Arksey church hall coming back to the community with Banks Renewables grant support
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For the last few years, the hall that sits alongside the historic All Saints Church Arksey near Doncaster was being leased as a tea room, but during the Covid 19 pandemic, it fell into a state of disrepair and the tenants ceased trading.
The hall, which was built around 1930, had to be taken out of commission due to a leaking roof and other structural problems.
A local consultation carried out by the Parochial Church Council on how residents saw its future found a substantial majority in favour of retaining what is the village’s only large community building.
With this in mind, the PCC began to work towards raising the money needed to carry out the required repairs – and a £5,800 grant from the Banks Community Fund then allowed for local firm A J Wiffen & Son to be commissioned to complete the repair work required.
Work on painting the building exterior, repairing the bathroom floors and decorating the first interior walls has been completed, with repairs to the damaged roof areas then following.
The remainder of the building interior is now being redecorated and repairs to the kitchen and main hall are being carried out, with everything hopefully being finished before the end of the year.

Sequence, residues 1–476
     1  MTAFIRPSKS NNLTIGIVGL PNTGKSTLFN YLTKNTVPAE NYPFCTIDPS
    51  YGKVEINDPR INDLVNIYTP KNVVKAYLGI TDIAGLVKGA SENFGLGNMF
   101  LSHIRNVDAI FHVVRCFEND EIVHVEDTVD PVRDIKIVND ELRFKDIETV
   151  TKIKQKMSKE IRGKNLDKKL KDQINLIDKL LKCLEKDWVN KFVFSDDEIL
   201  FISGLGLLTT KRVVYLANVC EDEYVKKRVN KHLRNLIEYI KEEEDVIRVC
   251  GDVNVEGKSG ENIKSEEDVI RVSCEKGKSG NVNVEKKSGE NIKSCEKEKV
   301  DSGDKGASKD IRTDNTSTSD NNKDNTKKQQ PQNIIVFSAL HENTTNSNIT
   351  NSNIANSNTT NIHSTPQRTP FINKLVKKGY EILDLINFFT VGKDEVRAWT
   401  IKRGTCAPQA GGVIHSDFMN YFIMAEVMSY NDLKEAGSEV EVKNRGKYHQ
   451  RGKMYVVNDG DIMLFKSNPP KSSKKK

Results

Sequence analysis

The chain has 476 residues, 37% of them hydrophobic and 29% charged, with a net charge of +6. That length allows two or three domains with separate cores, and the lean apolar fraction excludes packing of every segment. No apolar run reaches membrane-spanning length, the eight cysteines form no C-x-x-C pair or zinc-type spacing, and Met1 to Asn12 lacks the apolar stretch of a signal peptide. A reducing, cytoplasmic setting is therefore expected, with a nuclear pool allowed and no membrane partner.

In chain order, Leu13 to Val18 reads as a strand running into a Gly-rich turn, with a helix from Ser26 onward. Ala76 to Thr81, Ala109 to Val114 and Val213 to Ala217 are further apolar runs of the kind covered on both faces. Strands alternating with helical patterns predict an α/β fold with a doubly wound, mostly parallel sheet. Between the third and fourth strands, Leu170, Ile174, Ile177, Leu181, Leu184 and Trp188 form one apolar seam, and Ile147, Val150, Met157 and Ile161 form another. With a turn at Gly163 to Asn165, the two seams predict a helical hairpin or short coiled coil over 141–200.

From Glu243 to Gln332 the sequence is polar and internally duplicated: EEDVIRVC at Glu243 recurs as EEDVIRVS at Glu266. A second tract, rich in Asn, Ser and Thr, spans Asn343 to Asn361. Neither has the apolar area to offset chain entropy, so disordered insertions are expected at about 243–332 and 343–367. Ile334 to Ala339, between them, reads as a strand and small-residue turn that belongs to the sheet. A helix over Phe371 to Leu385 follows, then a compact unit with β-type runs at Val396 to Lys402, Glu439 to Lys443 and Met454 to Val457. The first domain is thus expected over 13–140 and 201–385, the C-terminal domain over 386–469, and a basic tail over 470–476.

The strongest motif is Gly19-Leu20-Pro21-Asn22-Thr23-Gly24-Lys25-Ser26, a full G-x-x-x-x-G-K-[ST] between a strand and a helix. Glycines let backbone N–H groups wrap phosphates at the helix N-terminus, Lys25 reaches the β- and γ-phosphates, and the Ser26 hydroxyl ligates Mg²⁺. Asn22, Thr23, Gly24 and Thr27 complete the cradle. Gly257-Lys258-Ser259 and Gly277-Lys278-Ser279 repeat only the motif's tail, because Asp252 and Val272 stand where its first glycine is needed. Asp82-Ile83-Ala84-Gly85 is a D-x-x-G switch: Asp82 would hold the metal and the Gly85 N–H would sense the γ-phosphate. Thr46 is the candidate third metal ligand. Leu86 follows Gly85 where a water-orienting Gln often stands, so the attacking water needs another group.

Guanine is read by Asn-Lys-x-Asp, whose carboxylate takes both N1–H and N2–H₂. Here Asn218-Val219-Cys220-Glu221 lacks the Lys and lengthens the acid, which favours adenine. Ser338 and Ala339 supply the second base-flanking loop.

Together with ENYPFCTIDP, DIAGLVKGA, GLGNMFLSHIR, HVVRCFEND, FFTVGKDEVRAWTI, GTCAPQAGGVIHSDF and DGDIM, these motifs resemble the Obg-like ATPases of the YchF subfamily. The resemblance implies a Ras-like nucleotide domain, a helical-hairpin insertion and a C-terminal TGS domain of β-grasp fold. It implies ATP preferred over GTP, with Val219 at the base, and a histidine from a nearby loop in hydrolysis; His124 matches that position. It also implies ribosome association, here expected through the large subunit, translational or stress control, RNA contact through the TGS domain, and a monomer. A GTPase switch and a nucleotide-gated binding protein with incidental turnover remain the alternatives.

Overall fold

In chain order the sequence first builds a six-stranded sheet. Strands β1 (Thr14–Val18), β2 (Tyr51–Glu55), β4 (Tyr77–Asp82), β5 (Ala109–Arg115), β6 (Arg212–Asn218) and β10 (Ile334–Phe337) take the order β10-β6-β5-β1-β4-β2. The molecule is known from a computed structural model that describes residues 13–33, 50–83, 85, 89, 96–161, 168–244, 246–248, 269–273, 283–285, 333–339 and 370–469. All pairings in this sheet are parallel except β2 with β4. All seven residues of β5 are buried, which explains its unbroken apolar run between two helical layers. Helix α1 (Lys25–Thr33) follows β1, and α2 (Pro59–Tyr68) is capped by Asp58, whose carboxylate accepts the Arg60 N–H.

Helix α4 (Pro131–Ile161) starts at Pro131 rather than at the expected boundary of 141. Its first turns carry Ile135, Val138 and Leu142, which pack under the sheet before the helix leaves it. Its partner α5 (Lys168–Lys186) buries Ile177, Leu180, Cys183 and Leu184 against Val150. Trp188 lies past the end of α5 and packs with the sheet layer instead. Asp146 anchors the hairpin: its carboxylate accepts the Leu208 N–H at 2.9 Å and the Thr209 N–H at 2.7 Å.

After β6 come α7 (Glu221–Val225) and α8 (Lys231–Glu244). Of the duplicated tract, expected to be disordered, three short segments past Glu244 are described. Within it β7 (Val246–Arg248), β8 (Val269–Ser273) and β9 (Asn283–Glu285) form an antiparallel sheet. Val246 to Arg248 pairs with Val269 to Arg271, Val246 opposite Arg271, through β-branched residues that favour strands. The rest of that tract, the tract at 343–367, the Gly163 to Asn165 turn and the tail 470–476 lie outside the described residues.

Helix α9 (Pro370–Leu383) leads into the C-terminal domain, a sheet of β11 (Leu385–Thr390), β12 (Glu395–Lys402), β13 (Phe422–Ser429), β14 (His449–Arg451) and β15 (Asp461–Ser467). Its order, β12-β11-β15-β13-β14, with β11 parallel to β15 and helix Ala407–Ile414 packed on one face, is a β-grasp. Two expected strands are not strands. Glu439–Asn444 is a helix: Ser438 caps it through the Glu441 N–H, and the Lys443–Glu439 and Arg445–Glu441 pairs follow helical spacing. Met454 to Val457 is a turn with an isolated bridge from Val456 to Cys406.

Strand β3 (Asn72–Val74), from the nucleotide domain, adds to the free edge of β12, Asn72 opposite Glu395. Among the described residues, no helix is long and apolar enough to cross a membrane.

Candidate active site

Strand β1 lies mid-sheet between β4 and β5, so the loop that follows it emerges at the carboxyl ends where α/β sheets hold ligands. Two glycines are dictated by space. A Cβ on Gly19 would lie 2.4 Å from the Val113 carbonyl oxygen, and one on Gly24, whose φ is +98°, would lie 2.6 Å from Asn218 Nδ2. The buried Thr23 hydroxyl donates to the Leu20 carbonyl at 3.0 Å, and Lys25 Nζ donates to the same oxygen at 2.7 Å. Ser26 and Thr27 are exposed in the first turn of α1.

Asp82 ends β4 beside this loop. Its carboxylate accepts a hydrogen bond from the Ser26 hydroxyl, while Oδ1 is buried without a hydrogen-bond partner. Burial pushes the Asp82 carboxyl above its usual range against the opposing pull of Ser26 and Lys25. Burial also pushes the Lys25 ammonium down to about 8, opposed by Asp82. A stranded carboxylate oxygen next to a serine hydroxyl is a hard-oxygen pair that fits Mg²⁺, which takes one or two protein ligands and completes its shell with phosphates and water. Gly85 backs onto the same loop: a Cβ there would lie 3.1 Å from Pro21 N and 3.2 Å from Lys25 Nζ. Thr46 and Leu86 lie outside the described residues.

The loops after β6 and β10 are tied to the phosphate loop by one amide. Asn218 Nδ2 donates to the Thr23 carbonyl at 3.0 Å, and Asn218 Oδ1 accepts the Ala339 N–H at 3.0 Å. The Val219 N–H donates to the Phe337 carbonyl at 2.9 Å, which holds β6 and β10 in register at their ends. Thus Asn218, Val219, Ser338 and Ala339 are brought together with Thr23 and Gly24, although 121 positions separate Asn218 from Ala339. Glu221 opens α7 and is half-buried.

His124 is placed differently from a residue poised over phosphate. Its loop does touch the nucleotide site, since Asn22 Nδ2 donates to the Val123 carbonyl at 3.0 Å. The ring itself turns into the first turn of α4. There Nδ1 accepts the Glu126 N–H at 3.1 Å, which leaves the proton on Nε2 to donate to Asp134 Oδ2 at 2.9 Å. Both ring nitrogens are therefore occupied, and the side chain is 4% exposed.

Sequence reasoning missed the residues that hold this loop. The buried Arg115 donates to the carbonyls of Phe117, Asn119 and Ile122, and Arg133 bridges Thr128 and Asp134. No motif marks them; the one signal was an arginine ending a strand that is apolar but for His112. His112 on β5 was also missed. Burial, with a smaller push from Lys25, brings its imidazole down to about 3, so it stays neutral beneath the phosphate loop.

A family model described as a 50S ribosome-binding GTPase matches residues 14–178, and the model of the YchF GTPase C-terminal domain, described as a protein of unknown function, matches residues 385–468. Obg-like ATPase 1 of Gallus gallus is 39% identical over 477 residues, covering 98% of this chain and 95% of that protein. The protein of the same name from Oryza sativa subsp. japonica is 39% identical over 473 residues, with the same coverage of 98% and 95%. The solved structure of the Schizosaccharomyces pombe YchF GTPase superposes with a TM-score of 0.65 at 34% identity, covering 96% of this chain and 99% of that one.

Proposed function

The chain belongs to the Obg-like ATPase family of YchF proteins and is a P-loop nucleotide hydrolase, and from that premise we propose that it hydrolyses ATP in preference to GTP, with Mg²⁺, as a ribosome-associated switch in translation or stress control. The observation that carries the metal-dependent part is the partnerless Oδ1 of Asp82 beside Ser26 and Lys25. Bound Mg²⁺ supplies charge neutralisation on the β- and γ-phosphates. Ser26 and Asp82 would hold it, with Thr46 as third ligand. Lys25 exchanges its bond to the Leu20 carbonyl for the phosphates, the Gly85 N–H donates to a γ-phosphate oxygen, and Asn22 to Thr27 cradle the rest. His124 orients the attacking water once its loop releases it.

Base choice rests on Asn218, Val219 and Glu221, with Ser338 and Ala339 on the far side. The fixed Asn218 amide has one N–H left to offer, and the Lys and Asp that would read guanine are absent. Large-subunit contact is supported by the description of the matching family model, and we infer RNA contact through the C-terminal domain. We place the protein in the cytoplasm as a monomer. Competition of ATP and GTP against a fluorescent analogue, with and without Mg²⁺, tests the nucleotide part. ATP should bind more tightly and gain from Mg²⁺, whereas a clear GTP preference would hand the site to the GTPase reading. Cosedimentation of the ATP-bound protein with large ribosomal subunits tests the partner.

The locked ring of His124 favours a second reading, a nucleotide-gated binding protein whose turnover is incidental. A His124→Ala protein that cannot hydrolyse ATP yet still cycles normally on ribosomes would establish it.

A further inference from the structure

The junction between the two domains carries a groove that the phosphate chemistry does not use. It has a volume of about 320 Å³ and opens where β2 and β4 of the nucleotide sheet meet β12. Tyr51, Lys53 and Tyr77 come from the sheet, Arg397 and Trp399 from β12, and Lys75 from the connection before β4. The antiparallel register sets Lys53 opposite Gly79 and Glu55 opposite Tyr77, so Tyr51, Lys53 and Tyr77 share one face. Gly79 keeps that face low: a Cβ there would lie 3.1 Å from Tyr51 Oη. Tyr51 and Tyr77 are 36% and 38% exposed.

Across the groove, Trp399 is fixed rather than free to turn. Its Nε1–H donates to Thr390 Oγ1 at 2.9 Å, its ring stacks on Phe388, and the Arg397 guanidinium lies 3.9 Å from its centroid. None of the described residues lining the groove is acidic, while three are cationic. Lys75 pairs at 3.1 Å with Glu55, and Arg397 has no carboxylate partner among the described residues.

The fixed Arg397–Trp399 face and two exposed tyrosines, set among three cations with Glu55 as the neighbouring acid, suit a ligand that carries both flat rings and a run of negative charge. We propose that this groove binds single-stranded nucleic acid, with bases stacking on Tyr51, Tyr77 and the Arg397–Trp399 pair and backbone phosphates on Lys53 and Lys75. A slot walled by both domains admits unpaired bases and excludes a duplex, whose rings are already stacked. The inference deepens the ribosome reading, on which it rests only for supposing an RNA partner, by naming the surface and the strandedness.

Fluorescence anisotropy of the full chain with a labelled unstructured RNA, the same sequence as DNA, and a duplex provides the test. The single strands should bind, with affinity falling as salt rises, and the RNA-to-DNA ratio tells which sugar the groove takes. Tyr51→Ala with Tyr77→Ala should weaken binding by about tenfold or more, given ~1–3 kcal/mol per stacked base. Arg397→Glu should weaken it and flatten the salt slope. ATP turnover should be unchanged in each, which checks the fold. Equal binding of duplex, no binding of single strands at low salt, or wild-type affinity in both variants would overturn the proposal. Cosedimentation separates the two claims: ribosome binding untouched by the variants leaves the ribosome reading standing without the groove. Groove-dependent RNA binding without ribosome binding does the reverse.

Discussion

All Saints Church in Arksey is a Grade I listed building that dates back around 900 years and features on Historic England’s National Heritage List For England, the official database of the country’s protected heritage assets.
All Saints PCC treasurer Anne Renney said: “The church hall is the only community building in the village and was very well used in the past for lots of different events, but the damage we uncovered through the building was quite substantial and meant that it simply wasn’t usable anymore.
“There was a real question mark over its future, but the overwhelmingly positive response we got from our village survey made us determined to put things right.
“We had lots of local people volunteering to get involved with the repair work and we tried to get as much work done as possible during the warmer summer months, so that everything would hopefully be ready by the end of the year.
“Banks’ generous support saved us a lot of fundraising time and effort, and also meant that we could avoid risking further costly weather damage by protecting the building before the bad weather arrived.”
The Banks Group operates the Marr Wind Farm, which sits to the west of Doncaster near junction 37 of the A1(M), and is currently looking for permission to extend the lifespan of the four-turbine scheme by 15 years, to 40 years’ duration.
Jamilah Hassan, community relations manager at The Banks Group, added: “Buildings like the Arksey church hall are at the very centre of community life and their importance is often only recognised once they’re lost.
“The determination of local people to bring the hall back to life is really impressive and we’re very pleased to have been part of helping the PCC put their plans into action.”